Eight Surprising Causes of Dehydration

As a health conscious individual, you probably know the importance of drinking plenty of fluids. It is likely that you sip lemonade on hot days, drink water during tough workouts and pack sports drinks in your child or grandchild’s lunch bag for soccer practice. These are all important steps to squelch the common causes of dehydration, but what about the uncommon causes that catches you unaware?

A wide array of medical issues can lead to dehydration. Considering that our bodies are made up of 50% to 65% water, this element is critical to virtually all our physical functions. Every organ and system of the body depends on water, so a shortage of fluid can naturally lead to serious health consequences. When my patients mention symptoms such as lightheadedness, lack of focus, or fatigue, I go through the following list of 8 surprising causes of dehydration.

1) Winter Weather– Dehydration is typically associated with the heat of summer when our bodies lose a lot of fluid through sweat. Winter, however, can be just as problematic due to very dry air and time spent indoors with dry heat. You may not sweat, but your body is still losing liquid to the dry air in the environment.

2) Irritable Bowel Disease – IBD, as well as its cousins, Crohn’s disease and Irritable Bowel Syndrome are medical conditions that often cause diarrhea. This results in rapid loss of fluids, although you may not feel thirsty.

3) Incontinence – The aging process can diminish our natural sense of thirst, but if you also suffer from incontinence, you may be reluctant to drink fluids throughout the day. Sipping often in small amounts is essential to avoid becoming dehydrated.

4) Fever – Fevers are caused by too-high body temperatures, and sweating is common. Although people drink frequently when they sweat during exercise, they often fail to consume adequate fluids when they have a fever.

5) Medication – One common side effect of many medicines is increased frequency of urination. You need to compensate for these additional lost fluids by drinking more than usual. Meds that often cause this problem are diuretics, blood pressure drugs, antihistamines and psychiatric drugs.

6) Vomiting – Parents of small children who are always catching one bug or another know to provide liquids to replenish electrolytes and other nutrients that are lost. When many adults get sick, however, they forget about the importance of fluids, perhaps because they don’t get sick very often.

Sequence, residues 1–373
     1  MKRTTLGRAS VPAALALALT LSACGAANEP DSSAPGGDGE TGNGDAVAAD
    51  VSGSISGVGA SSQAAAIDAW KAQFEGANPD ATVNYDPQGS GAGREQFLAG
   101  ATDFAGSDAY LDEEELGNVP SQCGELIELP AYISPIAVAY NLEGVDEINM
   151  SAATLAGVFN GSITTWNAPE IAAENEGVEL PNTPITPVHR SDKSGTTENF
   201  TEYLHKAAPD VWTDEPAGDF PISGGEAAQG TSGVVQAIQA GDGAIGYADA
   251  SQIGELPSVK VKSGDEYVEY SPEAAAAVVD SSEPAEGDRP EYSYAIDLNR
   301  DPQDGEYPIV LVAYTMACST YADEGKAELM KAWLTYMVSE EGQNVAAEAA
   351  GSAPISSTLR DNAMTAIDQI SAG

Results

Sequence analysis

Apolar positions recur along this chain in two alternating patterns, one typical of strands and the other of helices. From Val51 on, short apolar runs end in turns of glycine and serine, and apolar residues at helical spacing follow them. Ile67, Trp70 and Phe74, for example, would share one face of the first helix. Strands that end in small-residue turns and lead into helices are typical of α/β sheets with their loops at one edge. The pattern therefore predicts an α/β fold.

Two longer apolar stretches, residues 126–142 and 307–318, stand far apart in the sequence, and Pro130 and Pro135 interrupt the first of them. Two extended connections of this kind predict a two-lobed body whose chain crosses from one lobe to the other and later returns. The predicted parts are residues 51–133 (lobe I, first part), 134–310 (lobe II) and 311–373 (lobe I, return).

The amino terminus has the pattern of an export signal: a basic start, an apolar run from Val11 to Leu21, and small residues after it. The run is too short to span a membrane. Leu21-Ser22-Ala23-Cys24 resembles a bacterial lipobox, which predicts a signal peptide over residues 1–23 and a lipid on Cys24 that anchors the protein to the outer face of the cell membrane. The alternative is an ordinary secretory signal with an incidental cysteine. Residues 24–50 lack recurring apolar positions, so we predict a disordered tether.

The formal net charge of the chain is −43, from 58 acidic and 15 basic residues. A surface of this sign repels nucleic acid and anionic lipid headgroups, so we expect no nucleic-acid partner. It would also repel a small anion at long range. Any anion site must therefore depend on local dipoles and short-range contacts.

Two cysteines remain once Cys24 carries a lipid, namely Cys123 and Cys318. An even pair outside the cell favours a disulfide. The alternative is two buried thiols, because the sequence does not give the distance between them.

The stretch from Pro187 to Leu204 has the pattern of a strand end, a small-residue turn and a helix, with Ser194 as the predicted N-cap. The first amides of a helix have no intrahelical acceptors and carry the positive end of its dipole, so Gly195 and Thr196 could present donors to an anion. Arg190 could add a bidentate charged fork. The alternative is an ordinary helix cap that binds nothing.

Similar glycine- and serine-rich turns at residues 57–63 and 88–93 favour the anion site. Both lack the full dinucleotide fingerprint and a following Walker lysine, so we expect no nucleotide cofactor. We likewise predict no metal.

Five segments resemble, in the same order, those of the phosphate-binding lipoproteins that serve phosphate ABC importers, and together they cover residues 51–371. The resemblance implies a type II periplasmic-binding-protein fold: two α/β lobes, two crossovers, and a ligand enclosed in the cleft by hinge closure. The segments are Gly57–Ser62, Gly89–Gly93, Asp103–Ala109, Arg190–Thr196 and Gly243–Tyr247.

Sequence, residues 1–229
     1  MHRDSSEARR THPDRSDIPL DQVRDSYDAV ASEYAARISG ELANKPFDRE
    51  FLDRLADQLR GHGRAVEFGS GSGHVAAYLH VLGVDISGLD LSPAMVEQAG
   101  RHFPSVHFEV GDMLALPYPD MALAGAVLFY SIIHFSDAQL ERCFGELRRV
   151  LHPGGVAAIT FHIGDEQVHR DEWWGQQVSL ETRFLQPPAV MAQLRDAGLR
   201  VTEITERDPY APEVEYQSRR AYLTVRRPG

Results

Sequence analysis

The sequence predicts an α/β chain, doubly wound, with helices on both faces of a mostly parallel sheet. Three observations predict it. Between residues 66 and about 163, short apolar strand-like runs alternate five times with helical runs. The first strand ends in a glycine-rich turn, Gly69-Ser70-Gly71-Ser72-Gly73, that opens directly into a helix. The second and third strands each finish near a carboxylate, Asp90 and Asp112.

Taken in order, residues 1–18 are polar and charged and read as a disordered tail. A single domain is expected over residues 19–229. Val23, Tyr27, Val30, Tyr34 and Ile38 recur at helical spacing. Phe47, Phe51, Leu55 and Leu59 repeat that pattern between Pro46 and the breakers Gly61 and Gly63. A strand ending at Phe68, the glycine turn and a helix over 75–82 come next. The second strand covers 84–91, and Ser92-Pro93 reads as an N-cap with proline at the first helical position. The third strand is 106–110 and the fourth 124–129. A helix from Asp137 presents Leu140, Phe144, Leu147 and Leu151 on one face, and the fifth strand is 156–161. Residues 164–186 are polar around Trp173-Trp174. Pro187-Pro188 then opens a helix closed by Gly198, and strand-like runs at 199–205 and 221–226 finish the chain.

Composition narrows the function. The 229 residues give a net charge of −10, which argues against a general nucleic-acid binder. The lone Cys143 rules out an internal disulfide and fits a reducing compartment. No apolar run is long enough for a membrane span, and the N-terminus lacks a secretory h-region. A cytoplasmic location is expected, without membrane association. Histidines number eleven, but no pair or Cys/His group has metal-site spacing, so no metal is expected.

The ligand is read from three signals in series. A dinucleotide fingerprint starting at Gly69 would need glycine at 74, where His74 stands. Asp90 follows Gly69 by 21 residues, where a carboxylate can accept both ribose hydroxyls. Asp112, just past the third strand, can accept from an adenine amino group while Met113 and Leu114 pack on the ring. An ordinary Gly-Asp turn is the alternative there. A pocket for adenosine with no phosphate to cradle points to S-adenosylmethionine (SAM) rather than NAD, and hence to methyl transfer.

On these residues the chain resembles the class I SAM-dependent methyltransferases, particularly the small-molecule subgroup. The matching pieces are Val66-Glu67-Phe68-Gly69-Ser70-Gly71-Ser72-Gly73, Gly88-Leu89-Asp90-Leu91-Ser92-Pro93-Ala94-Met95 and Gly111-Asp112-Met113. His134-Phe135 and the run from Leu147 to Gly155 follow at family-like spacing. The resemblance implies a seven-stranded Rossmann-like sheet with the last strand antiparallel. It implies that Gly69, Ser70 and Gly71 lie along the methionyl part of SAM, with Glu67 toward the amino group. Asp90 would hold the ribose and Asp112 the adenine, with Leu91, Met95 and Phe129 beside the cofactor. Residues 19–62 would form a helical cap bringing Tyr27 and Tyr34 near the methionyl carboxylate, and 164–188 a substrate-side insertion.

7) Diabetes – If you have diabetes that goes undiagnosed or uncontrolled, you may be at risk for dehydration. Two forms of the disease, diabetes mellitus and diabetes insipidus, can cause increased thirst and urination.

8 ) Flying – Always drink plenty of water before boarding an airplane. The very dry environment in the aircraft can quickly lead to dehydration if you don’t consume enough fluid. Bring your own bottle of water so you aren’t forced to wait for the drink service, and avoid alcohol and caffeine, which also cause dehydration.

If you suffer from dehydration, I hope this list has given you some clues as to the cause of your thirst. Keep in mind, that if you feel thirsty, your body is already dehydrated. Drink a large glass of water and rest for 30 minutes or so, to allow your body to be replenished. Then keep sipping!

If you suspect a serious medical condition is causing dehydration, see your doctor right away. In the meantime, be sure to consume 5 to 8 glasses of water everyday, and more if you sweat or are exposed to extreme climates. In my next article, I will discuss some of the risks associated with dehydration and go into further detail about how to avoid it.


About Dr. Mark Rosenberg

Dr. Mark A. Rosenberg, MD Dr. Mark Rosenberg received his doctorate from Georgetown University School of Medicine in 1988 and has been involved with drug research since 1991. With numerous certifications in several different fields of medicine, psychology, healthy aging and fitness, Dr. Rosenberg has a wide breadth of experience in both the public and private sector with particular expertise in both the mechanism of cancer treatment failure and in treating obesity. He currently is researching new compounds to treat cancer and obesity, including receiving approval status for an investigational new drug that works with chemotherapy and a patent pending for an oral appetite suppressant. He is currently President of the Institute for Healthy Aging, Program Director of the Integrative Cancer Fellowship, and Chief Medical Officer of Rose Pharmaceuticals. His work has been published in various trade and academic journals. In addition to his many medical certifications, he also personally committed to physical fitness and is a certified physical fitness trainer.
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